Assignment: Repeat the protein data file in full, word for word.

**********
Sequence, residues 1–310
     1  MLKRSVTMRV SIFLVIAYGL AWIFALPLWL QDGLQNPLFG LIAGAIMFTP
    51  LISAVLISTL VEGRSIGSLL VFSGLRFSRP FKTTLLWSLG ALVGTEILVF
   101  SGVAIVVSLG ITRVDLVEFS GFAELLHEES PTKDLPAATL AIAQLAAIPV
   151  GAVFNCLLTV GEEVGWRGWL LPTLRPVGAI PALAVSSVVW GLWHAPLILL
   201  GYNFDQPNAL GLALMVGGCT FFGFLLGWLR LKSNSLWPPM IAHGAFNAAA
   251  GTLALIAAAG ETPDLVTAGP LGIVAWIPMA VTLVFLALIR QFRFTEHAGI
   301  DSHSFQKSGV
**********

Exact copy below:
Sequence, residues 1–310
     1  MLKRSVTMRV SIFLVIAYGL AWIFALPLWL QDGLQNPLFG LIAGAIMFTP
    51  LISAVLISTL VEGRSIGSLL VFSGLRFSRP FKTTLLWSLG ALVGTEILVF
   101  SGVAIVVSLG ITRVDLVEFS GFAELLHEES PTKDLPAATL AIAQLAAIPV
   151  GAVFNCLLTV GEEVGWRGWL LPTLRPVGAI PALAVSSVVW GLWHAPLILL
   201  GYNFDQPNAL GLALMVGGCT FFGFLLGWLR LKSNSLWPPM IAHGAFNAAA
   251  GTLALIAAAG ETPDLVTAGP LGIVAWIPMA VTLVFLALIR QFRFTEHAGI
   301  DSHSFQKSGV